A good portion of this psalm relates to betrayal by a once close and trusted friend; and Spurgeon seems right to assess it as reading “like a song of the times of Absalom and Ahithophel.” Some have also seen it as a prophetic foretelling of the prayers of Jesus in the face of His betrayal and imminent death; and that certainly does fit as well. There is no reason why it cannot be both, as most of the Royal psalms do refer to present as well as prophetic circumstances. Consider verses 3-6:
…in anger they bear a grudge against me.
My heart is in anguish within me;
the terrors of death have fallen upon me.
Fear and trembling come upon me,
and horror overwhelms me.
And I say, “Oh, that I had wings like a dove!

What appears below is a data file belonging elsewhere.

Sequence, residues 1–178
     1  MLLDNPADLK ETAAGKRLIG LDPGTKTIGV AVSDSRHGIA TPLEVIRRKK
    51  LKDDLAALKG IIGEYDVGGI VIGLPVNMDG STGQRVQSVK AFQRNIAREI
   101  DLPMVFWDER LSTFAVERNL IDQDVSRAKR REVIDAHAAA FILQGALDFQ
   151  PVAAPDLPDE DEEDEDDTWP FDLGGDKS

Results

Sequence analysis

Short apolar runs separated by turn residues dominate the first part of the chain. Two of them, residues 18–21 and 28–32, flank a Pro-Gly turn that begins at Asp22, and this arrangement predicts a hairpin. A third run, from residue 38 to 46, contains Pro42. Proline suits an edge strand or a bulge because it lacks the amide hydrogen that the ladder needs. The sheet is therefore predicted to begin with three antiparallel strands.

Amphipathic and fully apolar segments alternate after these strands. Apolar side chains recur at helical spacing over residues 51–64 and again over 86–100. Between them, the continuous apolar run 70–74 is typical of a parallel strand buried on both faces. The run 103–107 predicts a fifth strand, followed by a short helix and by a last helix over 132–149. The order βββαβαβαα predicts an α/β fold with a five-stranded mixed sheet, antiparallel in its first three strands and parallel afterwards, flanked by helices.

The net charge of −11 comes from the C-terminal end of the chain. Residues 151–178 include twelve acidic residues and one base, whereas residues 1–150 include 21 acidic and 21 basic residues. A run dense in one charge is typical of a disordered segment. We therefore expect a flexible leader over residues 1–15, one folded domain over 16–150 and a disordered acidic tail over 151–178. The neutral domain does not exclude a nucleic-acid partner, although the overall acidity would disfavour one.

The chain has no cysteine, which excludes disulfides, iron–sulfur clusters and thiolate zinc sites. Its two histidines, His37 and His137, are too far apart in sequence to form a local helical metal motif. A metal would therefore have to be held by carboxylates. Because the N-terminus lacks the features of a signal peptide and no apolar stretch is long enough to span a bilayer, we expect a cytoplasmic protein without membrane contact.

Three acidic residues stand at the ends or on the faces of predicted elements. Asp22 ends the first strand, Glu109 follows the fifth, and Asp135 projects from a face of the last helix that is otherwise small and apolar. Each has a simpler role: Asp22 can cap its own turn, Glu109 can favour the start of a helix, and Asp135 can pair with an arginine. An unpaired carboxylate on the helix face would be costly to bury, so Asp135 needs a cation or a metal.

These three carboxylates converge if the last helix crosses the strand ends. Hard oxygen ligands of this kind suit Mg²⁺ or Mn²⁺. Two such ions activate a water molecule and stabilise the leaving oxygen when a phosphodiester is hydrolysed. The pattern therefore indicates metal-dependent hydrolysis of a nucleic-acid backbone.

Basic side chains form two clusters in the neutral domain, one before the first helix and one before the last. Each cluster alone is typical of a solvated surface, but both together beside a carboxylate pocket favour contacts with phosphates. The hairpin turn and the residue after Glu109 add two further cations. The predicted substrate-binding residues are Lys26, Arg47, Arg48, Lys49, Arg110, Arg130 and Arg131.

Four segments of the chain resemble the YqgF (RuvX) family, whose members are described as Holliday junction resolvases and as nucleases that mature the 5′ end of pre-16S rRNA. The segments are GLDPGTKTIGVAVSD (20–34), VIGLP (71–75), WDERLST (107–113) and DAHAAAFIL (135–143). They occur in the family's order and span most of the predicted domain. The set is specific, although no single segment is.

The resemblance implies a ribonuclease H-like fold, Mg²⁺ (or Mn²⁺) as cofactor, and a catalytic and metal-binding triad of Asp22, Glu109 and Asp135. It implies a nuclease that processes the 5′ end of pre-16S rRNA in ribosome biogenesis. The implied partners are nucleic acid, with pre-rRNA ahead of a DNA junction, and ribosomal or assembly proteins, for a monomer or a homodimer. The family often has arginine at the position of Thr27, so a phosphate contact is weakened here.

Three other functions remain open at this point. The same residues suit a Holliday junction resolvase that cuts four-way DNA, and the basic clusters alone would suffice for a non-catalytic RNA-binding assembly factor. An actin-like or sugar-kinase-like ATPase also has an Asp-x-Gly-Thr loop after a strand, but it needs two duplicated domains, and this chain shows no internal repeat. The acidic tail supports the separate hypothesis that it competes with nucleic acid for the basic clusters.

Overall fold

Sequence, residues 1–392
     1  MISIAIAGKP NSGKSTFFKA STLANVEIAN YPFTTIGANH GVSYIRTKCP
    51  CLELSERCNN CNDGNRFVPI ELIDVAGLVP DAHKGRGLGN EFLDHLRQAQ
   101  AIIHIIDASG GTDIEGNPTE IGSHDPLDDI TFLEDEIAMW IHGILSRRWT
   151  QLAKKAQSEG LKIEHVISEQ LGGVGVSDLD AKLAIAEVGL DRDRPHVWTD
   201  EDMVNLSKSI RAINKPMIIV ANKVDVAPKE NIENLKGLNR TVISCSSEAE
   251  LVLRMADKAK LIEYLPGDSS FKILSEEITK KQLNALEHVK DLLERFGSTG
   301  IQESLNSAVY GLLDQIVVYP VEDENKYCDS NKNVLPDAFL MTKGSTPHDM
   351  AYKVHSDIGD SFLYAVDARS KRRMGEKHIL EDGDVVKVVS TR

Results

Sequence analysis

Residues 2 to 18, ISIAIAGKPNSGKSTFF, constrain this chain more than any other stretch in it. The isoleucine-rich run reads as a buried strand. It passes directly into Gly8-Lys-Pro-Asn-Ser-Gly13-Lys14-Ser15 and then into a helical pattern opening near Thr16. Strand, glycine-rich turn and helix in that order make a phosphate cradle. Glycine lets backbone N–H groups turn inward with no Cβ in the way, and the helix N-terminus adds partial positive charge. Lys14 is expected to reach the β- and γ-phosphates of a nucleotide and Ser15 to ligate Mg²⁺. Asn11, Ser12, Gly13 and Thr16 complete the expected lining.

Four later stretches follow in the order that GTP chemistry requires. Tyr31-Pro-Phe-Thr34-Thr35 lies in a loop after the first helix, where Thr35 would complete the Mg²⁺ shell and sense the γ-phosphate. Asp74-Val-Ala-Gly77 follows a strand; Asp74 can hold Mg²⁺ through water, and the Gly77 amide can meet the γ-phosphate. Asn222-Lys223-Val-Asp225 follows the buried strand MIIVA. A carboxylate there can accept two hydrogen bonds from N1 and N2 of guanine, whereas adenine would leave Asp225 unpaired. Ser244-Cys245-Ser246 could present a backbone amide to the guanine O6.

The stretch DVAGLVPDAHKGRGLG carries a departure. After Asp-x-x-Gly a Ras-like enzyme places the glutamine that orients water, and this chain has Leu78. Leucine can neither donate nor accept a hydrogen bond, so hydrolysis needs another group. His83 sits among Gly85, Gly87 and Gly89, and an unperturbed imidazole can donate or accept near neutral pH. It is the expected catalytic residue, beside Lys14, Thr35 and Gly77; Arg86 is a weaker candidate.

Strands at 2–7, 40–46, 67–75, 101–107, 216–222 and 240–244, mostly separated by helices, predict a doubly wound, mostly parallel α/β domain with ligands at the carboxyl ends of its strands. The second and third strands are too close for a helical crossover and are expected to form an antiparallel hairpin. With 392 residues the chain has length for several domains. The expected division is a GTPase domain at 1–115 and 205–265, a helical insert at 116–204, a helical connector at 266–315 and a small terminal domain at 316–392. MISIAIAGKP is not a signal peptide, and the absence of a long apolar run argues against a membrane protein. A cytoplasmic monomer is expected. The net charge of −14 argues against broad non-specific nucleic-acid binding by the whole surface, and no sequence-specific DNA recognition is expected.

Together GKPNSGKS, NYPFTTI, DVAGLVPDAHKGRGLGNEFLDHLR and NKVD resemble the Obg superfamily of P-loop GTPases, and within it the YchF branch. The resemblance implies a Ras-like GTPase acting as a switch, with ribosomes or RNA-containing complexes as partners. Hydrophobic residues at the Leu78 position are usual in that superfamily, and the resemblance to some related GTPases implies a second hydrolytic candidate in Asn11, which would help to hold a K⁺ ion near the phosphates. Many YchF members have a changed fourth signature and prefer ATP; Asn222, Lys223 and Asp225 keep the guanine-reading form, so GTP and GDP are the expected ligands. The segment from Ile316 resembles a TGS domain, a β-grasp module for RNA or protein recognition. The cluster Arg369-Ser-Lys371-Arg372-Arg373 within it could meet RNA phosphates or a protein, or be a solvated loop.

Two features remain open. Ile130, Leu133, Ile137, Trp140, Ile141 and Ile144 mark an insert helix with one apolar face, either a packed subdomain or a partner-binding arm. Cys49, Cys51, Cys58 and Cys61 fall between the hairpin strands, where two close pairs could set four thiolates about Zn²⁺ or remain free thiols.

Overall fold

I would fly away and be at rest;
But as a lament, much of it also seems to have application to the despair that overwhelms one because of the oppression of the world and the ultimate enemy – the devil himself, who lays in wait, constantly seeking to beat us down, and causes us grievous harm in ways we may not understand as being from his work at the time they occur. As such, it is like a great many other psalms, which have tremendous power and application in our own prayers when we often wonder how we can carry on through our suffering:
Give ear to my prayer, O God,
and hide not yourself from my plea for mercy!
Attend to me, and answer me;
I am restless in my complaint and I moan
because of the noise of the enemy
some images © V. Gilbert & Arlisle F. Beers
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